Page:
The Catcher in the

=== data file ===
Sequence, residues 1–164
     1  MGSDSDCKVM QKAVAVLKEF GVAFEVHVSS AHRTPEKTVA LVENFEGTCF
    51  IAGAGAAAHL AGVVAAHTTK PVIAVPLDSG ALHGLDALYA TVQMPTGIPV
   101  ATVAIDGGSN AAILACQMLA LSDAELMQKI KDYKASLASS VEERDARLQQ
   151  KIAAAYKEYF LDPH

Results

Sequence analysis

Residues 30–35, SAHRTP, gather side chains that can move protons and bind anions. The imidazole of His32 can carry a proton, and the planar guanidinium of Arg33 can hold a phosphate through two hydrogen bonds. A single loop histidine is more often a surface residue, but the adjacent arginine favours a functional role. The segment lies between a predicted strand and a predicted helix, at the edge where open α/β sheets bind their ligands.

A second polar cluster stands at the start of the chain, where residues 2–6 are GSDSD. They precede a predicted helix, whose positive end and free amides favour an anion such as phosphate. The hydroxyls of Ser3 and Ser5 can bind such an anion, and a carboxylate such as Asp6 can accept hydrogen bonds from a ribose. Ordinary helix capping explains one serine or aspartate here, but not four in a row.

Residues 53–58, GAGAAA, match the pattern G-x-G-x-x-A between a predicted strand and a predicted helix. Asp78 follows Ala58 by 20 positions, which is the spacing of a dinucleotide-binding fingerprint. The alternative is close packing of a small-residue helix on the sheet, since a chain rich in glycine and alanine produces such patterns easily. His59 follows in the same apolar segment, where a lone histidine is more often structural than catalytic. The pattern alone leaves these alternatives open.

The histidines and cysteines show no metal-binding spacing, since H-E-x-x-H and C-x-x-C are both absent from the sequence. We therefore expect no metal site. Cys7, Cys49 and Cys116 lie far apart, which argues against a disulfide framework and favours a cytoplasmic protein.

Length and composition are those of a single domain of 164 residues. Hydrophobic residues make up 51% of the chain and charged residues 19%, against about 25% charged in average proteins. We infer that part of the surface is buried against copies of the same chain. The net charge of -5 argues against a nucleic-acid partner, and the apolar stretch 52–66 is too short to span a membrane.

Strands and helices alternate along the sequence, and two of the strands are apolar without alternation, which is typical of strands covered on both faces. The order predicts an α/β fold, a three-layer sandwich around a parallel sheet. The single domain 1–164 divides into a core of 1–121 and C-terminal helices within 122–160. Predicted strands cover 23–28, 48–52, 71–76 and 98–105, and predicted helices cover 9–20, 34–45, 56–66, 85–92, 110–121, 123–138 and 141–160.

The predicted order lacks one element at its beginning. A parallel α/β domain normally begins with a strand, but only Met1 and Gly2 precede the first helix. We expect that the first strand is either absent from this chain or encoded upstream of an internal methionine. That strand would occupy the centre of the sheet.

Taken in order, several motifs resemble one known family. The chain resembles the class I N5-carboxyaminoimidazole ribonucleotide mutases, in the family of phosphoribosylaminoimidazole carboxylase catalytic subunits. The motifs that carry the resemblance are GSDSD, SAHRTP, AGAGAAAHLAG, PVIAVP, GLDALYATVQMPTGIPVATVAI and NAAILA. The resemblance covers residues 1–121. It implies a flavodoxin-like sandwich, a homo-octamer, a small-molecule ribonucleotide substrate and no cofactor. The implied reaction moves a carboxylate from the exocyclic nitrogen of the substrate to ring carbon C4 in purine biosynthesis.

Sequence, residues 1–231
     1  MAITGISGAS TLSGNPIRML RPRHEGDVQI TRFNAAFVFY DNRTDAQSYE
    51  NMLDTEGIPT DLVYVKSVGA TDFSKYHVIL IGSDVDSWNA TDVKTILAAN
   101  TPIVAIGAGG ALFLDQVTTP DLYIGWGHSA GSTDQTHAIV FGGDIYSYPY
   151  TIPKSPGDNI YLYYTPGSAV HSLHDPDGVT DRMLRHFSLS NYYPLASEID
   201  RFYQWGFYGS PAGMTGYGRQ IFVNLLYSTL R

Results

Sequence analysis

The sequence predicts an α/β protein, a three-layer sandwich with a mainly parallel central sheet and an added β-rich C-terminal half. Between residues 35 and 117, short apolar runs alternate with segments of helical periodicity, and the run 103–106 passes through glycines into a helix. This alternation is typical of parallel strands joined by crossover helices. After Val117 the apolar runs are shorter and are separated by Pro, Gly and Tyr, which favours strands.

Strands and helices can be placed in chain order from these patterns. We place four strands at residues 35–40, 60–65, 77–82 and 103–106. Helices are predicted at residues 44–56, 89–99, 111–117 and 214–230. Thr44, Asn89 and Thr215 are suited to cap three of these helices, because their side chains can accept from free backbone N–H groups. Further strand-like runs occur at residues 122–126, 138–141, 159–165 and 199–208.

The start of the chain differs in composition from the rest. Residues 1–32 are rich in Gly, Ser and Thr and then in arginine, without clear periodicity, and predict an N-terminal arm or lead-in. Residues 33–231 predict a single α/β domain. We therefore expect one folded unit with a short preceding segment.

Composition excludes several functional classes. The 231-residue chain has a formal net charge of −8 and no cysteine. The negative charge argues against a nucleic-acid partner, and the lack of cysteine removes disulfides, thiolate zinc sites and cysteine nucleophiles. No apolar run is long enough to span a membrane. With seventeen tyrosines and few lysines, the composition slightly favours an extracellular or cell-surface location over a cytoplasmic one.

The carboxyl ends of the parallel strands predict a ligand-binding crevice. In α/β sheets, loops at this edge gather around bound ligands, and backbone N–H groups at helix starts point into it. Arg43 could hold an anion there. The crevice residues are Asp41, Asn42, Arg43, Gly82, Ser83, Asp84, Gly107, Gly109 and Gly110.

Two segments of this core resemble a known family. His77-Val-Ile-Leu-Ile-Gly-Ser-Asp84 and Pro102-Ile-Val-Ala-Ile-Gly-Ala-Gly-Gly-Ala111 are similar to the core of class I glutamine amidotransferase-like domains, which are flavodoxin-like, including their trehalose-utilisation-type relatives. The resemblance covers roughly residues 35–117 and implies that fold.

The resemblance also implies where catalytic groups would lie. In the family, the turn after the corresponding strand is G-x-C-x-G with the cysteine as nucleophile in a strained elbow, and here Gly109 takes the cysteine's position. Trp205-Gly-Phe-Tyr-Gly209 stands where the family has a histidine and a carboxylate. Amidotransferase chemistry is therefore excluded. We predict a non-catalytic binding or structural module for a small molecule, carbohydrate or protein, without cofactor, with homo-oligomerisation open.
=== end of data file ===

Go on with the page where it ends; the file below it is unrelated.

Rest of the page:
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The Catcher in The Rye By: Xiao Feng Huang (Charles) Catcher In the Rye Holden cannot accept change in his life. He wants everything to stay the same. Since his brother, Allie's death, Holden has trouble adapting to new situations. He is most afraid of adulthood. He would like to remain a child forever and be the catcher in the rye. If everything was as changeless and as pure as the exhibitions under glass in the museum, Holden would be satisfied in life. Adulthood scares Holden. He would like all children, including himself, to remain kids forever, and stop the aging process. He likes the innocent children, rather than the experienced adults. In Holden's mind, children are loving, nice, and represents good. Adults represents bad. He wants to save the good children from the bad children, by being the catcher in the rye. "I keep picturing all these little kids playing some game in this big field of rye and all. Thousands of little kids, and nobody big is around. And I'm standing on the edge of some crazy cliff. I have to catch everyone if they start to go over the cliff-I mean if they're running and they don't look where they're going I have to come from somewhere and catch them." Holden wants to catch the children from "the fall". This is the fall into adulthood. He wants to prevent kids from growing up and stop the aging process. The aging process eventually leads into death, which is what Holden is afraid of. Death means adapting to new situations which Holden doesn't want to do. He has experienced the death of his brother, and knows how hard it is to try to adapt to new situations. When someone close to you dies, it's hard for me. You have to learn to live without the person and learn to adapt to this new situation. This is what Holden doesn't want to do. Holden is very immature for his age. On the outside he is all grown up and looks like an adult. However, on the inside, he's a child. "I was sixteen then, and I'm seventeen now, and sometimes I act like I'm thirteen." Holden couldn't bare to watch people mature and lose their innocence. In his mind, Jane Gallagher was still a little girl who left all her kings in the back row while playing checkers. He couldn't picture her growing up and maturing. He was very naive in believing that she was still a child. "Did you ask her if she still keeps all her kings in the back row?" Jane represented the good and innocent child; however she was really experienced and able to take care of herself. When Holden found out she was going out with Stradlater, he was very upset. He was worried that Stradlater would treat her like everyone else, which he didn't want to occur. He was protective of Jane and asked Stradlater many questions. "What did you do? I said. Giver her the time in Ed Bank's goddam car?" Phoebe, too, represented the good and innocent child. Even though she was mature, Holden couldn't bare to think that she could lose her innocence. She was only a child in his mind. Holden wanted to freeze time and preserve childhood just like the mummies. The mummies represent a stop in the aging process when everything stays exactly the same. In Holden's mind, the mummies represent staying a child forever and being saved from adulthood. This also relates to the exhibition under glass, in the museum. These exhibitions are signs of purity with no change. "The best thing, though, in that museum was that everything always stayed right where it was. You could go there a hundred times and that Eskimo would still be just finished catching those fish. The only thing that would be different, would be you." Time has been frozen in these exhibitions and there are no signs of aging. However, it would be noticeable that people would be aging, which is not what Holden wants. Holden wanted to protect the youth from the danger of adulthood; however, he realizes he cannot succeed in doing this. He loved the carousel because it played the same song over and over again and the horses kept on going in the same circle. However, while Phoebe was on the carousel, she started reaching for the gold ring. This is when Holden realizes that if kids will grow up, they'll do it and he can't change anything. If they fall, they fall, but you can't stop them. "All the kids kept trying to grab for the gold rings, including Phoebe, and I was sort of afraid she'd fall off the goddam horse, but I didn't say anything. If they fall off, they fall off, but it's bad if you say anything to them." He starts to realize that he can't change anything nor stop the aging process. He will have to adapt to new situations and let time go by. He must let Phoebe experience things for the real

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